If you’re looking for a heating system that is energy efficient and cost-effective, then an air to water heat pump might be the best option for you. These systems work by using outside air to provide heat for your radiators, underfloor heating and even your hot water cylinder.
Although they do rely on electricity, they are much more energy efficient than traditional boilers and central heating systems. In fact, in many situations they can replace up to a third of the energy used by conventional central heating.
There are a number of grants and schemes that can help to cover the upfront costs of installing an air to water heat pump. For instance, if you live in England and Wales, you could be eligible for up to PS5,000 towards the costs of your new heat pump through the Boiler Upgrade Scheme.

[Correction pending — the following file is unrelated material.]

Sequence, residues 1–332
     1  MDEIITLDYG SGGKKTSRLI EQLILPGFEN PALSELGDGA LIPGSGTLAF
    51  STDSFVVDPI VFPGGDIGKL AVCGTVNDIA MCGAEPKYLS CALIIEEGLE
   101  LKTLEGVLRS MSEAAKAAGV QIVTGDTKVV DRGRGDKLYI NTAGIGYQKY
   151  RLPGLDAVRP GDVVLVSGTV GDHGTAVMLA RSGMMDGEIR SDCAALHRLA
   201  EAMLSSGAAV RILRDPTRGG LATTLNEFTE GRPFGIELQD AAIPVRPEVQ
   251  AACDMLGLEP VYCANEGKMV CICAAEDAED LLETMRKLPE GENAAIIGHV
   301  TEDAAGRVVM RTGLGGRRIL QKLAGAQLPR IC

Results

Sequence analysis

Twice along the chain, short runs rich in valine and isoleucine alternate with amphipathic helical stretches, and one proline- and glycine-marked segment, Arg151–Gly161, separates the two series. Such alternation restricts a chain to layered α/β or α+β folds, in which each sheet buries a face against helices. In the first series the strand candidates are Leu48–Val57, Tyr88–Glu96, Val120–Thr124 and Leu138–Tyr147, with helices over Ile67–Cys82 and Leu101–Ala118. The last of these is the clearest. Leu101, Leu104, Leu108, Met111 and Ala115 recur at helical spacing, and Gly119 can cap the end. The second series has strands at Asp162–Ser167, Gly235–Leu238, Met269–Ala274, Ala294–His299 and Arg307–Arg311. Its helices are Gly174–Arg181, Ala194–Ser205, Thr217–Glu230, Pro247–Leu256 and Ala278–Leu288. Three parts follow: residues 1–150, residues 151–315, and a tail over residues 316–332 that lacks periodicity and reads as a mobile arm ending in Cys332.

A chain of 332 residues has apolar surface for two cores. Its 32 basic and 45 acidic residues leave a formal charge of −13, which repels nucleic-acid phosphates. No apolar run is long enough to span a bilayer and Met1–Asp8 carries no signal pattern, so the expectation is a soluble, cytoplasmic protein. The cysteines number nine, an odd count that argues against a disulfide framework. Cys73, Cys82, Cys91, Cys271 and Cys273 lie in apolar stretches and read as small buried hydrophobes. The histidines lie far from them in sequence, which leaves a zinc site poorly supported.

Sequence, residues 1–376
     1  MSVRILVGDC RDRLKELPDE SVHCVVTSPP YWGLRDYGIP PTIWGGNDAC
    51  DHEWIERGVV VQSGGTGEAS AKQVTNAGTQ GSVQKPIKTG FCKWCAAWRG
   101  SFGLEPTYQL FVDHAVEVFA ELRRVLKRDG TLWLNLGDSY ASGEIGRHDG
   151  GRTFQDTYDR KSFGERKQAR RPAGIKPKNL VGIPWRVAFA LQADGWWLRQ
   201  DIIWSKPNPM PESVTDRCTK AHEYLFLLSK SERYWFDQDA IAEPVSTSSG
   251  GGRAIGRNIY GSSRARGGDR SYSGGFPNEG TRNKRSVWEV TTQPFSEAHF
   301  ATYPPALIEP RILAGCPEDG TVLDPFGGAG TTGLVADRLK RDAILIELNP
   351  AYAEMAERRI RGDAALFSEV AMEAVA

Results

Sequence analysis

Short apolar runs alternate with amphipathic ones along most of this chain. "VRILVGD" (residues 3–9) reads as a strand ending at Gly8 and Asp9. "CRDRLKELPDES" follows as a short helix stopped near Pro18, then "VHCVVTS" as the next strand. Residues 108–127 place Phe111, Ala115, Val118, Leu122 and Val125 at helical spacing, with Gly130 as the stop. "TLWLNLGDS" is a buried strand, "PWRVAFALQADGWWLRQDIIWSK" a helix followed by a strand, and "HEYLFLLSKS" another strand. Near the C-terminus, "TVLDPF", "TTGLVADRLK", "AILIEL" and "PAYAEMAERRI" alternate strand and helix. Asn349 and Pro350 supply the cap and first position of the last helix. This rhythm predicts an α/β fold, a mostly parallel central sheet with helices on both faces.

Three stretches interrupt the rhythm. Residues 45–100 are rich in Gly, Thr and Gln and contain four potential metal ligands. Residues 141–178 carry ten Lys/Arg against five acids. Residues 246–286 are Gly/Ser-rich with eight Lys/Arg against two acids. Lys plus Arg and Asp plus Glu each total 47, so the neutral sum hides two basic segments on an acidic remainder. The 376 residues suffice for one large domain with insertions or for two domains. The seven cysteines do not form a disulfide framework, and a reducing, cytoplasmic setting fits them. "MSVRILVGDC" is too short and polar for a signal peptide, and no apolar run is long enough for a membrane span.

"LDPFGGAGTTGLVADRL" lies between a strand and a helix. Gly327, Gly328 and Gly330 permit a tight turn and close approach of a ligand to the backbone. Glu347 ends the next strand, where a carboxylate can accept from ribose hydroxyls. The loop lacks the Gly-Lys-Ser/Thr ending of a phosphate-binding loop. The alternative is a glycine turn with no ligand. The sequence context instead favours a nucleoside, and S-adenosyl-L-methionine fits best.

Another popular scheme is the Domestic RHI (Renewable Heat Incentive) programme, which rewards householders for switching to renewable heating technologies. These include air source heat pumps, ground source heat pumps, and biomass boilers.
As well as saving money on your energy bills, these systems can also help to lower your carbon footprint. This is because they are based on a renewable source, and therefore produce less CO2 emissions than other types of energy-efficient heating systems.
In addition, they can be a great solution for older homes that have not been insulated properly. Often, they can be fitted alongside existing central heating systems and can save homeowners from having to pay for expensive boiler replacements or complete system renovations.
Some manufacturers have developed heat pumps that can operate at low ambient air temperatures, and some are capable of extracting useful heat down to -13°C (22°F). However, these systems are not available in the UK as yet and may be more difficult to install.